The following shows a different sectioning of the same model through two relaxation iterations. The pairs of images are the same except that the facet edges are drawn on the surface on the right. In both cases the surface has been rendered using flat shading, that is, without smoothing across facets.

Original surface

One degree of relaxation

Two degrees of relaxation

And finally the whole surface




Geometric Crumpling

Written by Paul Bourke
January 1994

In most rendering applications rough surfaces can be simulated with what are known as texture maps or more precisely bump maps. These are images which perturb the surface normal during the rendering process creating the appearance of a rough surface or raised and lowered structure such as grouting in a tiled floor.

In some instances it is desirable to actually represent the surface roughness geometrically. For example, many textures don't retain their desired effect when viewed from very close. Some effects are also hard to generate using bump maps, for example, the extent of the deformation is limited.

There are many ways of modifying the geometry depending on the exact effect. One effect is that of crumpling, what you might do to a piece of paper. In the following example, each facet is split into a 3x3 grid. Each vertex is then displaced by a random amount (Gaussian distribution). Of course for each displacement all facets which share that vertex are also modified.

The above shows a Menger sponge before and after the crumpling exercise.

There are a few things to note
* This whole process is inefficient to say to least. In this case there has almost been a 10 fold increase in the geometric content.
* 4 point facets are in general no longer coplanar even if they were in the original model, triangulating these further increases the geometric content.
* The extent of the displacement is limited if it is undesirable for facets to intersect.





Splitting facets

Written by Paul Bourke
November 1991

The following discusses a number of ways of splitting up facet based computer models into smaller facets. There are a number of reasons for wanting to do this, some include:

  • In order to add detail to the surface, for example, fractal spatial subdivision
  • For surface relaxation algorithms
  • To eliminate narrow angled facets which cause problems for some rendering and texture algorithms
Method Additional Geometry Comments
Increases the number of facets by 3 Perhaps the most common splitting technique. Doesn't result in finer internal angles.
Doubles the number of facets Simplest method, bisection. Normally the longest edge or the widest internal angle would be bisected. While it reduces long edges it also tends to produce narrow internal angles
2 additional facets The centroid becomes the new vertex. If the facet is part of a height field the centroid height would normally be the average of the 3 original vertex heights.
Results in an identical but smaller triangular facet and three new 4 vertex facets. Uncommon
Yields three 4 vertex facets. The centroid is usually used as the mid point.
Gives a smaller 3 point facet and a new 4 point facet. This is a common first approach for long thin facets, the cut is made along the two longest edges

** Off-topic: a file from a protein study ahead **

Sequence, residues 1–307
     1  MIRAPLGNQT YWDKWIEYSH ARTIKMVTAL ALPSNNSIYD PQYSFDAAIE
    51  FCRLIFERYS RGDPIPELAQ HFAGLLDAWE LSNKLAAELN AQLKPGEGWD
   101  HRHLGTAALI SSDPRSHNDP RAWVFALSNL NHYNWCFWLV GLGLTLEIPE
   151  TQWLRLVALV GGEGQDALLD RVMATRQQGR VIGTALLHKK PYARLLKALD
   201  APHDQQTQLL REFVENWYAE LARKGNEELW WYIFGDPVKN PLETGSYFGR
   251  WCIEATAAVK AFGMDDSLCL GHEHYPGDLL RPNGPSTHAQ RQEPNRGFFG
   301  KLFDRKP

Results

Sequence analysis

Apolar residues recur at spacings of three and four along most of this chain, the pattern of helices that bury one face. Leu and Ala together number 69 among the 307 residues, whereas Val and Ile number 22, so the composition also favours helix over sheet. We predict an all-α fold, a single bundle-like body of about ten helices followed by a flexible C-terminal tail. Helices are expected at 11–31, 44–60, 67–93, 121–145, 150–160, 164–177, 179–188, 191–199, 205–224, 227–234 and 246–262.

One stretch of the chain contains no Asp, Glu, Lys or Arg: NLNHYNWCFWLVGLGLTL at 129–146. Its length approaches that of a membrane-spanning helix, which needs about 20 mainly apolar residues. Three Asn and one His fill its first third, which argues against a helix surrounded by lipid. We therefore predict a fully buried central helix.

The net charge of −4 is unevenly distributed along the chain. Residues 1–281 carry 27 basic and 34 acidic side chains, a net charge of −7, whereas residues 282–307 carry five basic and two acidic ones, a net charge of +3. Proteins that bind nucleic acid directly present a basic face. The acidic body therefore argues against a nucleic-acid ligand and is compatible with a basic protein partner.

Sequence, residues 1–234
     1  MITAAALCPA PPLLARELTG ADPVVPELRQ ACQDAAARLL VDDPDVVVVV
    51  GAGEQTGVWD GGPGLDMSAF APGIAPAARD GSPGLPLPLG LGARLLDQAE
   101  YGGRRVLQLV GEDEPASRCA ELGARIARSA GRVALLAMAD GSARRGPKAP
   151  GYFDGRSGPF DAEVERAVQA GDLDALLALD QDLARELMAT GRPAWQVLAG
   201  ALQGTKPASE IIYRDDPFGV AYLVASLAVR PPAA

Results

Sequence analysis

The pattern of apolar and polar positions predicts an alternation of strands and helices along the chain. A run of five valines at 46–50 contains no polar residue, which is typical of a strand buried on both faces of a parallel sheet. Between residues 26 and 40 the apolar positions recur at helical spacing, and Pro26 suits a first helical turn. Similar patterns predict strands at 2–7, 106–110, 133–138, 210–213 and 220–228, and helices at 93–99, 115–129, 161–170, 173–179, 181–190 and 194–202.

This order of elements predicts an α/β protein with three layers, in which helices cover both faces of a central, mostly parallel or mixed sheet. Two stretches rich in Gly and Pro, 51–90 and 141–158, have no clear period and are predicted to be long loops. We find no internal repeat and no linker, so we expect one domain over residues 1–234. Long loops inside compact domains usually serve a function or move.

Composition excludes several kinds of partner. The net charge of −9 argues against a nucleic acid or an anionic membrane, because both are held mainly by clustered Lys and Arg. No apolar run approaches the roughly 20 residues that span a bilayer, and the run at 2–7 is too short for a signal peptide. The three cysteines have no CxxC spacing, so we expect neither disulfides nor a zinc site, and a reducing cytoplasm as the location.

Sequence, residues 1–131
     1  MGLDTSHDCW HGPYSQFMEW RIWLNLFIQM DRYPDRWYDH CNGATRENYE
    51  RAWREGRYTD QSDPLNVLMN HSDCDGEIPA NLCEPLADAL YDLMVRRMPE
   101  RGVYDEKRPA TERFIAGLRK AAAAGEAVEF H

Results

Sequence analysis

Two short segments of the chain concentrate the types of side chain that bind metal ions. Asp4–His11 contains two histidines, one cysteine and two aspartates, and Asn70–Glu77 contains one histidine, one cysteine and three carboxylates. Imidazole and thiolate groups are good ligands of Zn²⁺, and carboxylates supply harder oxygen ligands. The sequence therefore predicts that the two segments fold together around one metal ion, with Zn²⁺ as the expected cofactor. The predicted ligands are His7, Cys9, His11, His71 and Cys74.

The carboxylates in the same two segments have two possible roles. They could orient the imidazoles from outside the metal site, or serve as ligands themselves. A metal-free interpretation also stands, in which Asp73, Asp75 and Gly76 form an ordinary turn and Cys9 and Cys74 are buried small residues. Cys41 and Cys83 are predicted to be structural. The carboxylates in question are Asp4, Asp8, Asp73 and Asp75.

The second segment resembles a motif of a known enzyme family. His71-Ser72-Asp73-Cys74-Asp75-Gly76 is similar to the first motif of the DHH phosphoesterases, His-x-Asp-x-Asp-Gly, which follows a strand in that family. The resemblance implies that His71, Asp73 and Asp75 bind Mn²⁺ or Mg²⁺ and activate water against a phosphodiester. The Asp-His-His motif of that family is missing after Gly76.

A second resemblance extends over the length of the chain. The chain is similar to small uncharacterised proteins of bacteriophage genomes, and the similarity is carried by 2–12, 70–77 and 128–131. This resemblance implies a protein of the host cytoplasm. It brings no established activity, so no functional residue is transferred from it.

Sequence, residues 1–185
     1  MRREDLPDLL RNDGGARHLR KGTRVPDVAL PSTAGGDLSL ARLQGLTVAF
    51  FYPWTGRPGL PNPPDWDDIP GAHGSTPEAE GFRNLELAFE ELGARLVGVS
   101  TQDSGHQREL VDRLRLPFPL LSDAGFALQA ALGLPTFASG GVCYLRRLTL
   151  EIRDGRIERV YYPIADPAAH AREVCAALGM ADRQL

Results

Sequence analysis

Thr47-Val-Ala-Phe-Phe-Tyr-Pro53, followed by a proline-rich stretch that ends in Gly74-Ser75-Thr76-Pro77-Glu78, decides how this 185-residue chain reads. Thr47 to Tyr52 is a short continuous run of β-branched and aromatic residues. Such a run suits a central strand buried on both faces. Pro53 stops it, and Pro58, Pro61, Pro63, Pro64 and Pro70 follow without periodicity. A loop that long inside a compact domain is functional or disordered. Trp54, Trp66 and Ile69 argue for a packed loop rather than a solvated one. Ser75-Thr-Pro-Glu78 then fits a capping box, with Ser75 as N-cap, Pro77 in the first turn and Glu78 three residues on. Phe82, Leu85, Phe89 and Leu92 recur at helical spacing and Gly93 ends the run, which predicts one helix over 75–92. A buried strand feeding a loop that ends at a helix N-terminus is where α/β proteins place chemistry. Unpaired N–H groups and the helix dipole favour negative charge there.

Subdivide a 4 point facet into two 4 point facets Simple example of a more general repeated bisection of a facet. The longest opposite pair of edges are split if equal size facets are desirable.
Results in a small 4 point facet and four new triangular facets. Uncommon
Bisection into two triangular facets The simplest splitting of a 4 point facet. Most commonly used by rendering program to ensure all facets are planar. Results in facets with small internal angles.
Gives three triangular facets. The centroid is normally used. An improved technique to simple bisection for smoothing height fields.




Facets, planes, normals, rendering

Written by Paul Bourke
November 1992

The usual way of representing a bounded planar surface (facet) in computer graphic applications is as a sequence of vertices. Shading algorithms and ray-tracing generally requires knowledge of the normal to the facet, this is calculated by taking the cross product two of the edge vectors of the facet. The angle the normal makes with the light source vector determines the degree of shading of the facet. In particular, if the normal points towards the light source then the surface is brightly illuminated, if it points away from the light source then the surface is in shadow.

A common problem arises because the vertices need then to be specified in a specific order. A common convention is they need to be ordered such that the normal points outwards. This assumes there is an "outer" and "inner" ie: that the object is closed.

The usual way of calculating the angle between the normal and light source vector involves taking the cross product between these two vectors giving the cosine of the angle between them. Some rendering packages simple use the absolute value of this angle thus shading the back side the same as the side facing the light source.

Another technique which is common when you don't have control over the source of the facets nor the rendering package is to double up each facet, the duplicate having its vertices in the reverse order. These two sided facets can obviously make up objects which are not closed.